In the wake of the Fifa World Cup, which generated R11-billion nationally in tourism revenue, the public and private sectors in Nelson Mandela Bay are realising the value of special events as tourist attractions.
With tourism budget cuts, events like the Spec-Savers Ironman SA, MTN Nelson Mandela Bay Splash Festival and Nelson Mandela Bay Ocean Racing Series that were initiated by private sector stakeholders and supported by the municipality, are beginning to play a key role in promoting the Bay as a tourist destination.
“Event marketing has and will always be one of the most cost effective vehicles for promoting awareness of a destination. Special events are becoming established as an integral part of tourism development and marketing strategies,” said tourism consultant Peter Myles.
His comments were made in the run-up to the Nashua Largest Ever Bikini Photo Shoot, which will attempt to assemble 2 000 bikini-clad women at the Nelson Mandela Bay Stadium in Port Elizabeth on October 23 for a Guinness World Record attempt.
“A novelty event like this will always attract attention to a destination,” said Myles. “Like all growing cities, Nelson Mandela Bay needs to project a positive image and high profile.
“This is what attracts investors. A bikini photo shoot is good for promoting our magnificent beaches and beaches attract more tourists than any other destination attraction.”
Although budgetary constraints prevent Nelson Mandela Bay Tourism (NMBT) from sponsoring the event, it has received the tourism authority’s official endorsement. “We think it’s a great initiative,” said NMBT marketing manager Titus Chuene.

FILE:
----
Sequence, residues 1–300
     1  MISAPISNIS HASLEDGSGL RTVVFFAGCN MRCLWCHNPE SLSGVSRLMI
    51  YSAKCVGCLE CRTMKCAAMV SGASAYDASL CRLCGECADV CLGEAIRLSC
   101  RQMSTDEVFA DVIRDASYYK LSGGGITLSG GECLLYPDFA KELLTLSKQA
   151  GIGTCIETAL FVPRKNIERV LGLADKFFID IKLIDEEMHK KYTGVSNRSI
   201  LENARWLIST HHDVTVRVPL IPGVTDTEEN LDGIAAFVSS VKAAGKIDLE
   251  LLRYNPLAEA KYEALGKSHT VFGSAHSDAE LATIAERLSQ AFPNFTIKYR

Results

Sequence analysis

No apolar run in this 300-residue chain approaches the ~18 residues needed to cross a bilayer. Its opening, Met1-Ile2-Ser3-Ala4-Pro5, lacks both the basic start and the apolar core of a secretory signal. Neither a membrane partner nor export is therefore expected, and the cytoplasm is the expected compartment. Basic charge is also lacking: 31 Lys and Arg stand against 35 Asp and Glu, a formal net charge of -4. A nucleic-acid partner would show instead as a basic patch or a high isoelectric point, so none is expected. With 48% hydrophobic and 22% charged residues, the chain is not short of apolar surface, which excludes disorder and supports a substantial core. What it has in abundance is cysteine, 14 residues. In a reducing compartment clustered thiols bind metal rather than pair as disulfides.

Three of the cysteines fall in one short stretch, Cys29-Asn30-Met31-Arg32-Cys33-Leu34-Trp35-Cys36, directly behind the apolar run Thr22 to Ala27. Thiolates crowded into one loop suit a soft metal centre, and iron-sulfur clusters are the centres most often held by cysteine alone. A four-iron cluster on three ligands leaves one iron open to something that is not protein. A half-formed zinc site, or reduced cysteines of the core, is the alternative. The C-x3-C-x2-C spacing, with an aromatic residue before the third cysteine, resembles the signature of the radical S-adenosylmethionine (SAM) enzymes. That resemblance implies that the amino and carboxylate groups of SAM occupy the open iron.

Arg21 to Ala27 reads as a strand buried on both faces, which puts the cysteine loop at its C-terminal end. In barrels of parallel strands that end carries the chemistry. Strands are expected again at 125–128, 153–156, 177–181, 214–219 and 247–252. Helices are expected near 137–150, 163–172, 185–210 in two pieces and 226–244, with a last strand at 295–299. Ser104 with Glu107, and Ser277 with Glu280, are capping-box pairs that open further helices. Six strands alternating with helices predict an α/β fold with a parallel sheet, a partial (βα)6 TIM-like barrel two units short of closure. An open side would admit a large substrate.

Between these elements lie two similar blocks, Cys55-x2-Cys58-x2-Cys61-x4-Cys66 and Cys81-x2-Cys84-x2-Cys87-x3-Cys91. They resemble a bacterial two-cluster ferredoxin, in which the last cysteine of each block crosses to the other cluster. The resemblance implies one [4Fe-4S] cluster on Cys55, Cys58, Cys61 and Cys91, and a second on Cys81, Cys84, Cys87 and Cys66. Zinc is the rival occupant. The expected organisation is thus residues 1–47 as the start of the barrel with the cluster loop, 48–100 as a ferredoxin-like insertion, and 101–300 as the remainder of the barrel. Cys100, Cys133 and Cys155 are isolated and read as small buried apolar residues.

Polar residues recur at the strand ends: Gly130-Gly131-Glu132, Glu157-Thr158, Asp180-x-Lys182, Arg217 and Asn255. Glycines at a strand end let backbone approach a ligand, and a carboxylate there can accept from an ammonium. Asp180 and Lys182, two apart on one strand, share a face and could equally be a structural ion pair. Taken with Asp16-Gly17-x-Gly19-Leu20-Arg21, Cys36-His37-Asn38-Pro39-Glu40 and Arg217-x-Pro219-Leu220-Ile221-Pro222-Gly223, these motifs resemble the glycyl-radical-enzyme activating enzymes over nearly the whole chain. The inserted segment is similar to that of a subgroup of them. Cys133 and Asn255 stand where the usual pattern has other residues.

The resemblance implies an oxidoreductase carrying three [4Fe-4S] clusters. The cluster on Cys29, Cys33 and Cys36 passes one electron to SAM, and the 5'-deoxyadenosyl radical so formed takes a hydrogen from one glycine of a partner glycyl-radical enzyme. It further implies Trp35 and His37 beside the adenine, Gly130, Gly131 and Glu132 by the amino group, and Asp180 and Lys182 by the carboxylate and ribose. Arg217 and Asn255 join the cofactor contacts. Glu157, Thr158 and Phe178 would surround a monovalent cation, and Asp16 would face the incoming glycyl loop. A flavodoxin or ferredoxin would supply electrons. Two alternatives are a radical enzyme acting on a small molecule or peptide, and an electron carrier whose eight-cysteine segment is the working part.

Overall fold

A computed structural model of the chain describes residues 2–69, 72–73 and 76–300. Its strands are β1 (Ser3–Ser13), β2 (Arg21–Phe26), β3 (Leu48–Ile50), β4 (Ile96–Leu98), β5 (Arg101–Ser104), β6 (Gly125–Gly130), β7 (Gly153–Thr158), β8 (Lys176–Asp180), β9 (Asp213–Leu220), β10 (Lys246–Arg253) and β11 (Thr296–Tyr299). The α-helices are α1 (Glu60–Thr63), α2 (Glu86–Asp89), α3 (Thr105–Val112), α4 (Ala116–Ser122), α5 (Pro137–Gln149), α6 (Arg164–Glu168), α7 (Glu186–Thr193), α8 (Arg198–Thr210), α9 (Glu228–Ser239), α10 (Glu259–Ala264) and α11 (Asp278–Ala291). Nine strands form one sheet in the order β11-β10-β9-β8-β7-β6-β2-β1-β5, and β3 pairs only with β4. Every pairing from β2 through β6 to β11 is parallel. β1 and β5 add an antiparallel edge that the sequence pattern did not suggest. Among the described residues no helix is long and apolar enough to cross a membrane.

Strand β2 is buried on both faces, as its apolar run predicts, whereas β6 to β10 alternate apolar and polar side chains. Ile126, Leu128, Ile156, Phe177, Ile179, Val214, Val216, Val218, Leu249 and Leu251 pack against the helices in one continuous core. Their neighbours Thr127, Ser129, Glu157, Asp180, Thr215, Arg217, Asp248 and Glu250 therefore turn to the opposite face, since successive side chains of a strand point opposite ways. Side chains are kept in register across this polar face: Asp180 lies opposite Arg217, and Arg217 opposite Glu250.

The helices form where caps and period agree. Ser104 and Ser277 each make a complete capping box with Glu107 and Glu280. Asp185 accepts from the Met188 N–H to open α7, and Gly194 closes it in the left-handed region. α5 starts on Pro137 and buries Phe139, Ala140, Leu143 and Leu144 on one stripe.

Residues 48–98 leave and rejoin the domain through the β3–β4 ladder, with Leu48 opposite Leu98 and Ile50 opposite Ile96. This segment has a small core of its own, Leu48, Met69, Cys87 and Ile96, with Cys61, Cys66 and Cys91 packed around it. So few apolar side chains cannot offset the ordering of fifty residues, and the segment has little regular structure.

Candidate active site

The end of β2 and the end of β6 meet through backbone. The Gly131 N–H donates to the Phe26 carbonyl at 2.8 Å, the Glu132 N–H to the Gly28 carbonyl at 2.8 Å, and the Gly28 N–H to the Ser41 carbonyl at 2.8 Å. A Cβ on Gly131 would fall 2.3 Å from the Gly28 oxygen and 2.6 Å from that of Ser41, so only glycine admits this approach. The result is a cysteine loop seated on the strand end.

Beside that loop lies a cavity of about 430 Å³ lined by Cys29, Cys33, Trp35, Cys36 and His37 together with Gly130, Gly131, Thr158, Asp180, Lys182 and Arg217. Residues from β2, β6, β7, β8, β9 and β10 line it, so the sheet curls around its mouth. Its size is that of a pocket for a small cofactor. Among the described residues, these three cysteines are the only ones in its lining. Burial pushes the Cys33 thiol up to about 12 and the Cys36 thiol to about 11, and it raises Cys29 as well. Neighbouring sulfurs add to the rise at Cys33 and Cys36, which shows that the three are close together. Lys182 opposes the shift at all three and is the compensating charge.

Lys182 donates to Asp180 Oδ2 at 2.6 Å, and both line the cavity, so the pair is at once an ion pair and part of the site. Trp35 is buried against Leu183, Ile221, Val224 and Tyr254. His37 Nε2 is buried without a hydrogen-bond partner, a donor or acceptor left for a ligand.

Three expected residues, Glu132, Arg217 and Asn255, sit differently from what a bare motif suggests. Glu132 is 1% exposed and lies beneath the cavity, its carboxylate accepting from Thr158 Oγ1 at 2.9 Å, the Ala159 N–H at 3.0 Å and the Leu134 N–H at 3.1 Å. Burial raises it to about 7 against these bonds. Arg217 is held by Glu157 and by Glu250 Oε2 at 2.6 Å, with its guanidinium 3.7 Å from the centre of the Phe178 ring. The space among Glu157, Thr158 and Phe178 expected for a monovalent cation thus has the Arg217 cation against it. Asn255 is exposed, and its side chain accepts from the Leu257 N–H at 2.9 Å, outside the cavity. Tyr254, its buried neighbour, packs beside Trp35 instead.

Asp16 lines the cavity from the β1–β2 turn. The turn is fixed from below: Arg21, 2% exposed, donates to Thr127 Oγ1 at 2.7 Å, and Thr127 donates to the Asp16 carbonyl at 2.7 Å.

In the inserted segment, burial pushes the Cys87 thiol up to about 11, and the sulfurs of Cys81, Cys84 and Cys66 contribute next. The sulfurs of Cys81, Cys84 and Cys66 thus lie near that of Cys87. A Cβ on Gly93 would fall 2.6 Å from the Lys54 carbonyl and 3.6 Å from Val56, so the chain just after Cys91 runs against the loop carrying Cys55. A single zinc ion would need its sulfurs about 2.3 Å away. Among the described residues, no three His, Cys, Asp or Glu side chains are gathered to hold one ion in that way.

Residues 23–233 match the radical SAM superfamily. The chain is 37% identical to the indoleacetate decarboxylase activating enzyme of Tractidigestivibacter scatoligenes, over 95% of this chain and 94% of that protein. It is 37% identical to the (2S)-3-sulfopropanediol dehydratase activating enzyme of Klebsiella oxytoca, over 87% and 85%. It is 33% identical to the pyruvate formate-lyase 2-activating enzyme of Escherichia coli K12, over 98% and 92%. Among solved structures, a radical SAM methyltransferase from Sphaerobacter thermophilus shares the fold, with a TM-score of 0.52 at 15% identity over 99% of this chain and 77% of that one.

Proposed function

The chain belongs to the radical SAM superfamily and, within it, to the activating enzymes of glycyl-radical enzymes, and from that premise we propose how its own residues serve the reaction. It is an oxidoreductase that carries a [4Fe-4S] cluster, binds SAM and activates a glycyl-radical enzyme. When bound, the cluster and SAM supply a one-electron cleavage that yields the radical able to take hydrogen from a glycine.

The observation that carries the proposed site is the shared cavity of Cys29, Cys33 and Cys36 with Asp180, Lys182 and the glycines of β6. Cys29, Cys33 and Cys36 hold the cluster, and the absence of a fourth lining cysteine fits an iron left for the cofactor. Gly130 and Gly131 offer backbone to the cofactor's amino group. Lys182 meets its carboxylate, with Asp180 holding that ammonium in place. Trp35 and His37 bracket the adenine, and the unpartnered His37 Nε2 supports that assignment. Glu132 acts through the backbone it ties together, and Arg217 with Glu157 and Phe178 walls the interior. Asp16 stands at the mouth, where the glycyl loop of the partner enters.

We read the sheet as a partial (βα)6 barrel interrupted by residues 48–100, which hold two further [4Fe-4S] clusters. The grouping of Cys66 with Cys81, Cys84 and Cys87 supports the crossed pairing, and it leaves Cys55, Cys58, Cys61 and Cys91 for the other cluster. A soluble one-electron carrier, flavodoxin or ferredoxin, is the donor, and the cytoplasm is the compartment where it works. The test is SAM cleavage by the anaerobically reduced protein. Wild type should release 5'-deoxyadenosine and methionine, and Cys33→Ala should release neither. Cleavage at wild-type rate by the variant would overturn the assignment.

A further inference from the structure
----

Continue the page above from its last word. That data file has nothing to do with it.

“The world and the country are going through a serious credit crunch. We don’t have millions for marketing, but that does not mean we can’t be innovative.
“Initiatives like these come in handy – they achieve the same objective as putting an advert on radio or TV.”
According to Myles, international events and conferences will become a key strategy for attracting foreign tourists, as many are avoiding long-haul destinations due to the global recession.
“Generally, if first-time tourists visit a country primarily for an event, and if the experience is good, then about one third will return within three years.”
Myles emphasised the need for a strategic and coordinated approach by all tourism stakeholders.
He is one of the founding members of the Nelson Mandela Bay Tourism Industry Association (TIA), a body that represents private stakeholders and aims to work with local government in making the Bay one of the country’s preferred tourist destinations.
“Whatever funds are available for destination marketing need to be spent cost effectively and measured to assess the return on investment. This means forging effective partnerships between the marketing agencies such as NMBT and private sector stakeholders.”
Myles’ sentiments were echoed by TIA chairman Ed Gutsche: “Right now too many people are working on their own to try and achieve the same thing.
“They should work together, hence my idea for a tourism indaba bringing together players like NMBT, TIA, Percci, Nafcoc and Council to plan the future for tourism in the metro.”
Gutsche said that essentially tourism has been forgotten, “despite the fact that it is the easiest way to create jobs and reduce poverty.”
“Right now, the city should be asking for tenders for a central public/private partnership to handle all events for the city.
“This office should be independent and go out and bring big events such as concerts, sporting events, seminars and business conferences to the city. It will need seed capital, but will easily be profitable.”
Full Stop Communications
On behalf of:
Club 100 For Ladies